By Ray Stern
By Ray Stern
By New Times
By Amy Silverman
By Stephen Lemons
By Stephen Lemons
By Monica Alonzo
By Chris Parker
Because of her multiple conditions, Vaughan takes it easy, mostly, making "mini-sculptures of teddy bears and incense holders" and selling them on the Internet through a Yahoo! group she's called "Vikki Lady's Fan Club." Otherwise, she's playing poker.
"I'm trying to get to play on TV!" she says. "That's the ultimate goal!"
Bill Rudy -- or "Chase" -- doesn't want the fame. He just wants the fortune.
"Hey, it comes down to luck, really. It's more luck than anything," he says. "I think I'd have just as good of luck as the next person, even a pro, there at the World Series."
He recently met 2003 WSOP champion Chris Moneymaker at an Albertson's grocery store in north Scottsdale, he says, where Moneymaker was promoting a book.
As a gimmick, the promoters set up a table for Moneymaker fans to play a few hands against the Tennessee accountant-turned-poker professional. And Chase "wasn't chasin'," he says. "I even made [Moneymaker] fold a hand," he says.
But life's little victories are few and far between for Rudy, who would resign himself to being a born loser if it weren't for the prospect of winning big at Texas Hold'em.
After getting pushed out of the night's earlier tournament by Zarka, Rudy explains why's he's got so many chipped and missing teeth, which outnumber the good ones he has left two to one. It's a simple explanation, really.
"I was careless," he says. "I just didn't take care of them. And then I was into drugs -- pretty much anything I could get my hands on."
A few years back, he had to have a dentist pull seven teeth in one appointment. Once he returned to get fitted for dentures, he says, the dentist told him his gag reflex would prevent him from being able to wear them.
"So, I don't smile very often," he says. "It's miserable, man. I'm very self-conscious about it. I don't really approach women anymore, either."
Bill Rudy's heart breaks most, though, when he speaks about the daughter he hasn't seen in 15 years. "I've tried finding her, but her mother changed phone numbers a long time ago," he says. "I'm pretty sure she's probably back in Ohio.
"Hell," he scoffs. "I probably have a better chance of getting into the World Series than I do of ever finding my daughter."
Since launching the Nationwide Poker Tour last August, Brian Schreiner has moved to Phoenix to oversee the Valley operation of the business, where he says Nationwide currently has 6,000 registered players, with another 500 to 600 new players every month.
Across the country, according to Schreiner, Nationwide's membership is more than 50,000 strong.
"Poker is the next pool tournament, the next dart game," Schreiner says, while checking on the action at the Horse & Hound. "We saw the potential of free poker about two years ago, how the curve was rising with the World Series on TV."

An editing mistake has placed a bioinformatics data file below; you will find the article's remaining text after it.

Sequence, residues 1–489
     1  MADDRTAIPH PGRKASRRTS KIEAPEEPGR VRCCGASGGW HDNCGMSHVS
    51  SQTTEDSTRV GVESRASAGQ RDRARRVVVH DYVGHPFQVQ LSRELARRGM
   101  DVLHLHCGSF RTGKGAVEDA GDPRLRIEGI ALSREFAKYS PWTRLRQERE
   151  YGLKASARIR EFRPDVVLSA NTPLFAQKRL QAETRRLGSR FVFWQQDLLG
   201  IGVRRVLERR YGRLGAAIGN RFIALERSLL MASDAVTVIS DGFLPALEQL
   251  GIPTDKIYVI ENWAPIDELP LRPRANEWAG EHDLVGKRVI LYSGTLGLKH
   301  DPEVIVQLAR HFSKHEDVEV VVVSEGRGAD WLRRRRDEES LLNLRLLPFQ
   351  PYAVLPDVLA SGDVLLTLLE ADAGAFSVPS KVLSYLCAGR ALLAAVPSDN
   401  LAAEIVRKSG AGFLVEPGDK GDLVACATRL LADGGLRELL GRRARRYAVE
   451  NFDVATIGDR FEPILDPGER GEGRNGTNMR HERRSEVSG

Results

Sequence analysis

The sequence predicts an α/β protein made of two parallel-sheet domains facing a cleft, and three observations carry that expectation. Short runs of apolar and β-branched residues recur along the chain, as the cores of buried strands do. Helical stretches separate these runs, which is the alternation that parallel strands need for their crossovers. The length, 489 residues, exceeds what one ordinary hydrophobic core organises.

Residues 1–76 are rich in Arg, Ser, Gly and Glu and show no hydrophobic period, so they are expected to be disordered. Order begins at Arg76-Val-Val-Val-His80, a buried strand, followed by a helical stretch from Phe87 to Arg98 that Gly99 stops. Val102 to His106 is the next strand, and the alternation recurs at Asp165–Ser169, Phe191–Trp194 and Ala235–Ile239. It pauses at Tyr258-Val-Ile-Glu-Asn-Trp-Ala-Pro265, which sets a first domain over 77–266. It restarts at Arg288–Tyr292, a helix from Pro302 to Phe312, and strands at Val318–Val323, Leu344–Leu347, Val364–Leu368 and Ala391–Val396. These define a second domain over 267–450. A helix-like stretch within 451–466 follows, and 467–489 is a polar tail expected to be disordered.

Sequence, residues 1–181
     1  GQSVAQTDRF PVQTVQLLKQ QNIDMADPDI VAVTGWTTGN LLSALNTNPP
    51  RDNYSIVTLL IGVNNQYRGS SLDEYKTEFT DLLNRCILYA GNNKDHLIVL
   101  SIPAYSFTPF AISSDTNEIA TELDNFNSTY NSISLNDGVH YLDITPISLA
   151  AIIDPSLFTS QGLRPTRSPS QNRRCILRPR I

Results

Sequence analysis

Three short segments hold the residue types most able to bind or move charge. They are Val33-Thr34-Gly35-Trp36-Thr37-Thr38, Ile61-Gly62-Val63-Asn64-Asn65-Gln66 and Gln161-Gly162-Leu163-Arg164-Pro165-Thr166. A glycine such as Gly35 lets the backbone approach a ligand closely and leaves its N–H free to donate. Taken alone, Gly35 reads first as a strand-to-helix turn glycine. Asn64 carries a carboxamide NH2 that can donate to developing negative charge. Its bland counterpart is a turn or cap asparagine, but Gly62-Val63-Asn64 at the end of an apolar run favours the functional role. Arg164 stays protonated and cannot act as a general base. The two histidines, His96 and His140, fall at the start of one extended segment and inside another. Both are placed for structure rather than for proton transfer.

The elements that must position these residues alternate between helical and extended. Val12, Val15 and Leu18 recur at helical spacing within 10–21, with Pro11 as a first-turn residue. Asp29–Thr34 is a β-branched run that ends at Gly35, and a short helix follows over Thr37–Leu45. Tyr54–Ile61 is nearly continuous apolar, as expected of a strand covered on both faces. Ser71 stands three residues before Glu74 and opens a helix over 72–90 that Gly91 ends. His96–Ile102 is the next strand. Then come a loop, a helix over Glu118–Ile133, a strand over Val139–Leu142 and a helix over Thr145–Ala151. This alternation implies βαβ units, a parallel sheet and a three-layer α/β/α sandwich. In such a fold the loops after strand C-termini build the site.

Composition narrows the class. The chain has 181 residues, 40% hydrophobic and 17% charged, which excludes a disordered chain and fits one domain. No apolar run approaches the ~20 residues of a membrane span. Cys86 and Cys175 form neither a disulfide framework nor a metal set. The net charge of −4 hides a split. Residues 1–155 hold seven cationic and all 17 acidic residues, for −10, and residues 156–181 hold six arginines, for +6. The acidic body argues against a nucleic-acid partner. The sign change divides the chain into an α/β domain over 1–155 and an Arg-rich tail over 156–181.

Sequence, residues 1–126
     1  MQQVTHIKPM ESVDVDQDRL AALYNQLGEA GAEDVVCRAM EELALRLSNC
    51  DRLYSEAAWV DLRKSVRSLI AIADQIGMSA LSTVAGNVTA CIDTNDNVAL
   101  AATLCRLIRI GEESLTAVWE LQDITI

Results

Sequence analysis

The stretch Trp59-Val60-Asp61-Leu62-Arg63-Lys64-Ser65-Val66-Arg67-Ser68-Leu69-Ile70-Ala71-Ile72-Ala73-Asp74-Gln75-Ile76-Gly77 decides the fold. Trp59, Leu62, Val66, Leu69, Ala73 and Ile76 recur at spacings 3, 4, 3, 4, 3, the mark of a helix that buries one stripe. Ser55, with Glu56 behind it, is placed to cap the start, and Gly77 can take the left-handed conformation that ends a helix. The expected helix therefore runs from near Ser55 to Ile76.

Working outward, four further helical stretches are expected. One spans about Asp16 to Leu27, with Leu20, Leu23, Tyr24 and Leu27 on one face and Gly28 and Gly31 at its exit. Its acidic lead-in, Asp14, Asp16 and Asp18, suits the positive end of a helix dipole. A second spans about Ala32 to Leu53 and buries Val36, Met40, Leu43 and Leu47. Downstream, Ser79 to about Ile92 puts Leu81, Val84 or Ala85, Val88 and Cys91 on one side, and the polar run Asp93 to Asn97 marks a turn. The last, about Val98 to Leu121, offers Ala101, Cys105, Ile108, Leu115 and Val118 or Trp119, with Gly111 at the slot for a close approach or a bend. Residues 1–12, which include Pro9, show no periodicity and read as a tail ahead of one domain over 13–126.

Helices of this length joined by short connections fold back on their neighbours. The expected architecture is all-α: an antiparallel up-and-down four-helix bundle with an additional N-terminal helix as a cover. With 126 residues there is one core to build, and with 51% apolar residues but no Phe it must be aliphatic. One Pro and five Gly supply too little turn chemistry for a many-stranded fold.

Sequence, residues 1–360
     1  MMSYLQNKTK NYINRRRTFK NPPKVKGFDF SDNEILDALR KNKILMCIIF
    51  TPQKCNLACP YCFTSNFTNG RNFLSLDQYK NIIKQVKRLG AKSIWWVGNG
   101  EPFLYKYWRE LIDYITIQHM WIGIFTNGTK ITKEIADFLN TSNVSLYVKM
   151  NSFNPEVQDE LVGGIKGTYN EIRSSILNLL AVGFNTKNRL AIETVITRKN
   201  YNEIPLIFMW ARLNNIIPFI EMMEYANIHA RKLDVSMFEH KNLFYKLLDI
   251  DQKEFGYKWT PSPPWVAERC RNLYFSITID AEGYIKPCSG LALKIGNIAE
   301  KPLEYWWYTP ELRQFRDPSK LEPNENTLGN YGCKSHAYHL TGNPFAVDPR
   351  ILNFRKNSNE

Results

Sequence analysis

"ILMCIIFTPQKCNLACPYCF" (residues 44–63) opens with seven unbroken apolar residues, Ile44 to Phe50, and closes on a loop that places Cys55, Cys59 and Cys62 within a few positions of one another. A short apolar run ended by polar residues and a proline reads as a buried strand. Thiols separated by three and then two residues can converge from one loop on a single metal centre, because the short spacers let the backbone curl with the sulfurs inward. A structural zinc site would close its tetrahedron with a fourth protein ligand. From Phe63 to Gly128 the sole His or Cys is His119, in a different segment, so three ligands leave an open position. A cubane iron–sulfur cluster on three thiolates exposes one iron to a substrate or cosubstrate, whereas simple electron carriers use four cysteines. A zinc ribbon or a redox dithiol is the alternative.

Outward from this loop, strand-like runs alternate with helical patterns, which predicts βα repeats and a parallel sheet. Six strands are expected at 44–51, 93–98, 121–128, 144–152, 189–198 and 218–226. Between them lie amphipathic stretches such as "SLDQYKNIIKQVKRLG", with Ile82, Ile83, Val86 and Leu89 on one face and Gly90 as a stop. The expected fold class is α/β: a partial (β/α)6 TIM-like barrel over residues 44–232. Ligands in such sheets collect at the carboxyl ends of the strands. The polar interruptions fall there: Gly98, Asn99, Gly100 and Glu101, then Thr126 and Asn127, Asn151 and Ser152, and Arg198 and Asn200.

The launch of Nationwide was pretty simple:
The owners bought a few dozen collapsible poker tables (less than $50 apiece wholesale), decks of cards in the hundreds, 11.5-gram plastic-clay composite chips in the thousands, and had a Web site designed. Add some multimedia components, and get a few sponsors on board, and you've got yourself a bar poker business you can sell to the local taverns.
Of course, Schreiner and his cohorts back in Missouri aren't the only ones winning big with free bar poker. The biggest leagues in the country include the National Pub Poker League, Amateur Poker League, and The Poker Pub, and now two Valley-based companies, All-In Entertainment and the American Poker League, have joined the fray.
"It has been quite a craze in the last year and a half," says Wes Kuhl, a special investigator and spokesman for the Arizona Department of Liquor Licenses and Control, which is the closest thing to a bar poker regulatory agency in the state. "Free poker does seem to be a phenomenon."
Arizona's laws on gambling in bars are pretty simple, Kuhl says. "Under no circumstances are bar owners allowed to conduct gambling in their establishment," he says. And while you might be scratching your head, thinking bar poker is a gamble, it's not, simply because the players are not required to pay any amount of money to play. You can't even force a player to buy a Coke in order to play bar poker.
The state doesn't require any additional license for a bar to run free poker games, either.
In short, Kuhl says, the Valley has had very few problems, legally, with bar poker. "Fewer than 10 complaints since this thing started up," he says. "And no one's been shut down."
Well, not by the state, anyway. Some bars, like Sixshooters and The Sets in Tempe, are beginning to scale back their weekly games, if not eliminate them entirely. Turns out, according to some bar owners, that these faux gamblers are taking their free ride to extremes.
On most poker nights at the Horse & Hound, for instance, a beer drinker is outnumbered by those sipping iced tea, Coke, or even totally free water by about three to one. But there's really nothing the bar can do about freeloaders. The law says you can't force anyone to pay for anything in order to play poker in your establishment. And if push comes to shove, all a player has to do to avoid being thrown out for loitering is spend a lousy $2 on a soda.